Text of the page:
The most serious complications from measles include the following:
Patients with poor immune systems or other illnesses will become very ill if they develop measles. Deaths have been reported.
The measles vaccine (called MMR, as it is often given in combination with the mumps and rubella vaccine) is generally given at 12 to 15 months old and then again between 4 to 6 years of age.
Once fully vaccinated, a child has a very low chance of becoming sick or spreading the germ to others.
Some people avoid vaccines because they believe immunizations can make you sick. This simply isn’t true. Serious side effects are rare, and most vaccines only cause minor side effects. If a child gets a disease that could have been prevented with a vaccine, the risks to that child and other people is much greater than from any vaccine reaction.
If you choose not to vaccinate your child, you are not only putting your child at risk but other people and their children, as well, especially those with weakened immune systems. As recently as 2000, measles had been declared all but eradicated. Yet in 2014, as the anti-vaccine movement continued to grow, there were 644 reported cases. So far in 2019, there have been 127 reported cases.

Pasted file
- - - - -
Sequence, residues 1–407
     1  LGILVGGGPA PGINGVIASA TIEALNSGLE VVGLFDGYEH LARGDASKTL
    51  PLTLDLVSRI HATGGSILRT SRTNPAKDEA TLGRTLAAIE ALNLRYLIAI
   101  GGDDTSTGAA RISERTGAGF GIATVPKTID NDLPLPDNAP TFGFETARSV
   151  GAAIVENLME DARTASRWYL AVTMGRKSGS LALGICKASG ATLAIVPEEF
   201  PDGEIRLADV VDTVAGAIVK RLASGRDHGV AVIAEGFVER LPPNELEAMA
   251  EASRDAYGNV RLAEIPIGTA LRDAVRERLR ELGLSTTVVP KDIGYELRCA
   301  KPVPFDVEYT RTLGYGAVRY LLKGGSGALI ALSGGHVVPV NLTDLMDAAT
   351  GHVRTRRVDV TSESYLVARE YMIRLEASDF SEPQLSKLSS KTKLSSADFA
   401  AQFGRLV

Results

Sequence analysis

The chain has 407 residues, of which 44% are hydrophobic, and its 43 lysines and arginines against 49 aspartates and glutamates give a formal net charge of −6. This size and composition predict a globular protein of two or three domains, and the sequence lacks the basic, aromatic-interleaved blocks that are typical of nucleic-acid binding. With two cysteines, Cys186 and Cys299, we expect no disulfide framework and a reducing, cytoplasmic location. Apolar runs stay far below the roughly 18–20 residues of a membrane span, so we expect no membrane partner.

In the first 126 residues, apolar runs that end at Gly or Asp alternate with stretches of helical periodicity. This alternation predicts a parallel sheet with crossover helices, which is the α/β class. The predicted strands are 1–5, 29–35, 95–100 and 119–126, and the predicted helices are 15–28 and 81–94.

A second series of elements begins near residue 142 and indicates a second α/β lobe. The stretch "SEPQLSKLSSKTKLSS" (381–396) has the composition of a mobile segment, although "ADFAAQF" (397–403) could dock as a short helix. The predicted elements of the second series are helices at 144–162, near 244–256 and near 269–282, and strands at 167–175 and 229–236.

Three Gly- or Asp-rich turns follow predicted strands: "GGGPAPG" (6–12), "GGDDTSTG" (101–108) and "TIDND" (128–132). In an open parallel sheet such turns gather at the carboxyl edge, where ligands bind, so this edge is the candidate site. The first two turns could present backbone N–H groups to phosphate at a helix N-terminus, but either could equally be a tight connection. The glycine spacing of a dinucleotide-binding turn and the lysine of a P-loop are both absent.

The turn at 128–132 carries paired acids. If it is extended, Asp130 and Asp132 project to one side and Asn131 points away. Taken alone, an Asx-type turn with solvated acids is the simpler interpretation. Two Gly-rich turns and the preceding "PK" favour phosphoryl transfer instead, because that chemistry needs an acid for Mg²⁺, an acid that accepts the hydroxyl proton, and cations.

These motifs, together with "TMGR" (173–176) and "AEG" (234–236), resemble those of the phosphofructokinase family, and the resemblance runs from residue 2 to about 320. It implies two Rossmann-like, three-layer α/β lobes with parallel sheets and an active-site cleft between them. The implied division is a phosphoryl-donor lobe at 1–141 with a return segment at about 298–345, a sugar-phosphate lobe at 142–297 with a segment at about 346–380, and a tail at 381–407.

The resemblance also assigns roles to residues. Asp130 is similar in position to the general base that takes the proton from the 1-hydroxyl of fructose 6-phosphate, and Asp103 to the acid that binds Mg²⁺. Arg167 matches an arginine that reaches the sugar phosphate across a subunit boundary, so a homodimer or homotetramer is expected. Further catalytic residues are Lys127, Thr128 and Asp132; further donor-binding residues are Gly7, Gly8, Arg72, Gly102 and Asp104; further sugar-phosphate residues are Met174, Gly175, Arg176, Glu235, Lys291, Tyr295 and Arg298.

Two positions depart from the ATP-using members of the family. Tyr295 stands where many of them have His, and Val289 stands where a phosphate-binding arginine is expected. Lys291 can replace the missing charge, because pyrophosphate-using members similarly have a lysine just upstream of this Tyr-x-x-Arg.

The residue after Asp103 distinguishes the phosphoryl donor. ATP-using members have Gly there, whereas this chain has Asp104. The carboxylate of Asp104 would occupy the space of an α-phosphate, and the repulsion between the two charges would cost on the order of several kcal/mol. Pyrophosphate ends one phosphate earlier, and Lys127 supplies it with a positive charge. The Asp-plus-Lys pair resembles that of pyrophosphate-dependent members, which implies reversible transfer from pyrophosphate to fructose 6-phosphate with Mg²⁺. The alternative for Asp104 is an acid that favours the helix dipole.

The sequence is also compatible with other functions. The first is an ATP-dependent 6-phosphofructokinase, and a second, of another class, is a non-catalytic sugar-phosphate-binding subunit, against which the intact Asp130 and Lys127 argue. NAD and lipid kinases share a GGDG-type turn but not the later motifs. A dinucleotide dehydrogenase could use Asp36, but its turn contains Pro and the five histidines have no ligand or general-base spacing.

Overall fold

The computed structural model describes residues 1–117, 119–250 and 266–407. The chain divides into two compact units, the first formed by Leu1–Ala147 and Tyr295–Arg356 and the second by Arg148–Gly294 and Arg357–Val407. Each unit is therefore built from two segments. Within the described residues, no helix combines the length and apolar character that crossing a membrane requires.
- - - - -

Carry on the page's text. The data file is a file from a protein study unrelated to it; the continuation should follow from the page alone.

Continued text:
Measles spreads from one child to another through direct contact with discharge from the nose and throat. Sometimes it spreads through airborne droplets from an infected child. It occurs mostly in winter and spring. The lesions of rubeola are unique and usually allow for a diagnosis simply on physical examination.
It may take between eight to 12 days after exposure to measles for a child to develop symptoms. But it’s important to keep in mind that the virus is contagious long before that, meaning children could be contagious before they even know they have the disease.
During the early phase of the disease (which lasts between one to four days), symptoms usually resemble those of an upper respiratory infection. Each child may experience symptoms differently, but the following are the most common symptoms of measles:
The rash starts as small distinct lesions, which then combine as one big rash. After three to four days, the rash will begin to clear, leaving a brownish discoloration and skin peeling.
Symptoms may resemble other skin conditions or medical problems, so consult your child’s physician for a diagnosis.
Since it is a viral infection, there is no cure for measles. Treatment, which is aimed at prevention or decreasing the severity of the symptoms, may include:
Other ways to prevent measles from spreading: